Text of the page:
The sauces are vegan friendly… Maybe not so much with the honey ones.
Isn’t it funny how history repeats? Some time ago, some friends and I visited a local wing joint. I won’t lie, while I did like the place, I felt the wings were okay. I don’t feel like I was cheated, but I did remember thinking, I could have made something just as nice at home. The DIY chicken idea was the exact same one my mother had when KFC introduced BBQ wings. I remember looking at the commercial for the first time with my mother and being in awe of this idea that it’s fried chicken, but it has sauce on it like BBQ chicken. My mind literally could not process how chicken could be crispy and still have a sauce. Before it was even over, my mother announced that she could make that. Within days, I was sitting in the kitchen watching my mother try and recreate a recipe based on a picture she had seen in a 30 second commercial. She actually did a pretty good job, but she made the critical mistake of baking it in the sauce. (I even remember looking at the wings in the oven and thinking, “It won’t stay crunchy if you bake it in the sauce.”)
Anyway, at this point I’m rambling. So to make a long story short, now I know how to make the wings and I’m going to show you how as well. This is going to be very different from my other post since I’m going to give you a basic recipe and instructions for the chicken and a few options for the sauce. Once the chicken has been made, any sauce will do as long as it is thick enough to coat the chicken. To get it to that point, simply dissolve cornstarch into it.
- At least 1lb of Chicken Wings or Chicken Tenders cut into cubes
- About 1/2c Flour for every 1lb of Chicken Used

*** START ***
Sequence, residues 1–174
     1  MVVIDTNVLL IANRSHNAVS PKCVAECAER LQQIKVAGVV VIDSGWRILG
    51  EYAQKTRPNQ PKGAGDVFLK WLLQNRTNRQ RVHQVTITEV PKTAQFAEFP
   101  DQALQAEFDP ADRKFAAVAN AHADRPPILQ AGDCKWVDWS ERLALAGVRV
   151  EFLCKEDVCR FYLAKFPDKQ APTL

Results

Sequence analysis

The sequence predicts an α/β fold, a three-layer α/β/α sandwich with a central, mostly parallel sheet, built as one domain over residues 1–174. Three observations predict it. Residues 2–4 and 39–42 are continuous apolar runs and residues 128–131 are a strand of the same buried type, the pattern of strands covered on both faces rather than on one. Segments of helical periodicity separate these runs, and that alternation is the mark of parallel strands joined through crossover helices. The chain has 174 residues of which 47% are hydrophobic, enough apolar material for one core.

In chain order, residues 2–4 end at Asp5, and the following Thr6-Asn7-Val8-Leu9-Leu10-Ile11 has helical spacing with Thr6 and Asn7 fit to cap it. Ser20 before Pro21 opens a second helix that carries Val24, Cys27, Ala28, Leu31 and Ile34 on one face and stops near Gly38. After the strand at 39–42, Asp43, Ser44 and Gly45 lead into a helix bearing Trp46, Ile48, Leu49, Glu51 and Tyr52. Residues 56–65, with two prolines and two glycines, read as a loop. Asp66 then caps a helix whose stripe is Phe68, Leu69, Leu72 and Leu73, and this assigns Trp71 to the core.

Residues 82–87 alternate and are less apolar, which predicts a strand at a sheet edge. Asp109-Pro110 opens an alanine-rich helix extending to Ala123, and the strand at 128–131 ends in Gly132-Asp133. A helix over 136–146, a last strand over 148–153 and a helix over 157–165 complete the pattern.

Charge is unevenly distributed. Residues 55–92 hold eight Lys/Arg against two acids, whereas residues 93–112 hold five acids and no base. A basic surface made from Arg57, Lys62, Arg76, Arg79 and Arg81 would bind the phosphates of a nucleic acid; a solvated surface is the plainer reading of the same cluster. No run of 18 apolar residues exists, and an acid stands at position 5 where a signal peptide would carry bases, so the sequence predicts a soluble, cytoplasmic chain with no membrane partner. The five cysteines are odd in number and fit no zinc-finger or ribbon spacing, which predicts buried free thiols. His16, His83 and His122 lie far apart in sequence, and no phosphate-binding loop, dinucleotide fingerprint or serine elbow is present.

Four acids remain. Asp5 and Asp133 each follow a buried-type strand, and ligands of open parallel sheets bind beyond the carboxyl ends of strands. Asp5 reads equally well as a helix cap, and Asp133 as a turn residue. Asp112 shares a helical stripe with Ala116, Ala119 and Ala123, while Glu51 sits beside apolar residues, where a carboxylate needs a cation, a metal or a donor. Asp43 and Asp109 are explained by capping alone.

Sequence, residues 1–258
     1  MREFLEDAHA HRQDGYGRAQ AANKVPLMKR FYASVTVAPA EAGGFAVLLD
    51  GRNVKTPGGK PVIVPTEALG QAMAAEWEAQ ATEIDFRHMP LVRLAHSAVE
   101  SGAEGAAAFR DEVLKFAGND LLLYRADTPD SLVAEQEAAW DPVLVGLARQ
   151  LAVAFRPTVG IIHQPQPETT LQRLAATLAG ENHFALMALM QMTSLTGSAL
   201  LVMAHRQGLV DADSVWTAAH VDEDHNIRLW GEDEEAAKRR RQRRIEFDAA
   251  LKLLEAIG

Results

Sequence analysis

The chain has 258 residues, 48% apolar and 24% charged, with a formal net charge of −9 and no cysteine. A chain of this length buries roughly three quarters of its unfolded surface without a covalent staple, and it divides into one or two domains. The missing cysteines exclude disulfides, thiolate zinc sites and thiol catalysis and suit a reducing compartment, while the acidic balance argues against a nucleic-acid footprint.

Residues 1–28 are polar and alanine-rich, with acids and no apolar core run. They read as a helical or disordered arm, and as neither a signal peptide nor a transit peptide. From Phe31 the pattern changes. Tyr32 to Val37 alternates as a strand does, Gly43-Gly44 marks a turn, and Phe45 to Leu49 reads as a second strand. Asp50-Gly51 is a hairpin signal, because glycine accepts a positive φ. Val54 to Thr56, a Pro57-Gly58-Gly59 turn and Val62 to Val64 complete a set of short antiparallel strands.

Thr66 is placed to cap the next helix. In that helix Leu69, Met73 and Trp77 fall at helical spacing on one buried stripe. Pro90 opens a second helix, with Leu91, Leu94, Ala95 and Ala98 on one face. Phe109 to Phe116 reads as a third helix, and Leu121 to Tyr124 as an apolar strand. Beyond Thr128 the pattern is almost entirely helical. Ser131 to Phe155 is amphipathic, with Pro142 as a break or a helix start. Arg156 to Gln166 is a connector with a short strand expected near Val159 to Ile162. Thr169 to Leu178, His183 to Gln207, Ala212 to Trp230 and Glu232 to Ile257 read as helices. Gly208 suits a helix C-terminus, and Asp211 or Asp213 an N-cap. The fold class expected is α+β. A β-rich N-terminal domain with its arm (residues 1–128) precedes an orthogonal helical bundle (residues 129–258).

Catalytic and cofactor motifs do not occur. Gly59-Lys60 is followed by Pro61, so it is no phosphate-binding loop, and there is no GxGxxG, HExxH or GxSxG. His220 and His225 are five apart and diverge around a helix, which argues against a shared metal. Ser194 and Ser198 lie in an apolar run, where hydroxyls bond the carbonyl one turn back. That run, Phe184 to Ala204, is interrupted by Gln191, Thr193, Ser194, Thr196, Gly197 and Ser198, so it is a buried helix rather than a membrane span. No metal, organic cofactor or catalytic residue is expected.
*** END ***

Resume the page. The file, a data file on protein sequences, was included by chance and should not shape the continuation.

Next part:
- About 1t of Salt and Pepper each for every 1c of flour
- 1 Egg for every two pounds Used
- At least 1 C Cooking Oil – Vegetable or Peanut Oil works best
- 1 Plastic Bag (optional)
Heat the oil in a pan on Medium or Medium High. Take the egg(s), mix in a bowl and set aside. Mix the flour and the seasoning together, either placing it in a plastic bag or in a separate bowl. If you dip each individual wing into the eggs and then the flour mix while it is in a bowl, the crust will look like the top picture. The second way to do this is the way my mother taught me how to flour chicken. With the flour mix in a plastic bag, dip the chicken in the eggs, drop them into the bag and shake until the meat is covered. This way leads to the chicken wings coming out much flakier like in the picture for the Kinda Korean BBQ. Once the chicken is coated in flour, pop them into the oil. Don’t worry so much about having leftover flour and egg mix because you’re better off having a little more than having less. After patting off as much excess water as possible, dip the chicken into the egg and then the flour. So right now, we are at a precipice of fate.
- If you definitely want golden brown chicken, split the wings into three batches. Drop each individual chicken piece into the oil. Fry for 3 minutes for the cubes and 8-10 minutes for whole wings. Remove the chicken and allow it to cool while you fry the next batch. Make you sure you keep the batches separate while they are cooling. Once the all the batches have been fried, start refrying the chicken again starting with the first batch. Cook for another 3 minutes for the cubes and 8-10 for the whole wings. Set aside on a paper towel to let the oil drain.
- If you just want the chicken cooked, just toss it into the oil. The wings will need to be cooked for a total of 25 minutes, so turn every ten minutes or so. The cubes are usually done in 10 minutes, so turn roughly every five minutes. Set aside on a paper town to let the oil drain.